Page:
Three Essential Back Exercises
Effective ways to build a bigger, stronger frame
I don’t know when I noticed it, but my back wasn’t doing much for me. Look, I cycle for my cardio. I lift some weights at the gym (mainly chest and arms, of course) but my frame was not what you'd describe as wide or strong. It certainly wasn't the V-shape I'd like it to be. So I started researching back exercises and found that you can't think of your back as one big slab of muscle that's just hanging behind you. While often overlooked, your back is actually a complex system of muscles, each with their own functions.
I realized I needed to play catch-up and I began adding back exercises into my fitness routine. Quickly, there was a noticeable difference. First, my posture improved. Then there was a slight broadening out. I could see definition in my back, and my shoulders started looking a bit wider which made my waist appear a bit slimmer. Want to give it a try? There's also a lot of territory to cover—the lats, mid-back, lower back—so selecting the right moves to efficiently cover this entire posterior region becomes the greatest challenge. Here are three essential back exercises to widen your frame.
Bodybuilders swear by it (and it's easier to start with than pull ups). This will condition your middle back (outer and upper latissimus dorsi).
Sit down at a lat pulldown station and grab the bar with an overhand grip that's just beyond shoulder width.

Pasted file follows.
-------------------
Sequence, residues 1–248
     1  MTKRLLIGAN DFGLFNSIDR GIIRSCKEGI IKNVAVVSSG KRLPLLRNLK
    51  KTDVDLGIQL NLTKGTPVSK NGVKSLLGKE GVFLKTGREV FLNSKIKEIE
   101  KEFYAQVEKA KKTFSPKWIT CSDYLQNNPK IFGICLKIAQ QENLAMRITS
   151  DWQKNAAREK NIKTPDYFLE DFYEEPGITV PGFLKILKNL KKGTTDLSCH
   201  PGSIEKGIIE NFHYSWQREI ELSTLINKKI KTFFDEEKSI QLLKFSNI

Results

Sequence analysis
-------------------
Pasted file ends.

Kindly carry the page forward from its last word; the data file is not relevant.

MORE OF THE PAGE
Keeping your back straight and your torso still, pull your shoulders back and down, and bring the bar down to your chest.
Pause, then slowly return to the starting position.
By using dumbbells instead of a larger barbell, you're able to achieve a greater range of motion and isolate your core. This will help condition your lower back (erector spinae).
Using an overhand grip, hold the dumbbells in front of your thighs.
Stand with your feet hip-width apart and knees slightly bent. Hinge forward at your hips, slightly bending the knees, lowering the dumbbells to the ground without allowing your back to round.
Brace your core and lift back to the starting position.
Cable Diagonal Raise
Cable Diagonal Raise
A great overall exercise that builds and tones the upper back (trapezius and rotator cuff muscles) while strengthening your shoulders. No cable machine? You can use a dumbbell instead.
Attach handle to the low pulley of a cable machine. Stand with feet shoulder width apart and your left side closest to the weight stack.
Grab the handle with your right hand and allow your right arm to run diagonally across your body with palm facing inward. Brace your core and pull the handle across your body until your right hand comes completely overhead.
Pause at top position and contract glutes for greater stability. Return to the starting position and switch arms when you've completed your reps.
Check out BodyBuilding.com’s list of the 10 best back builders.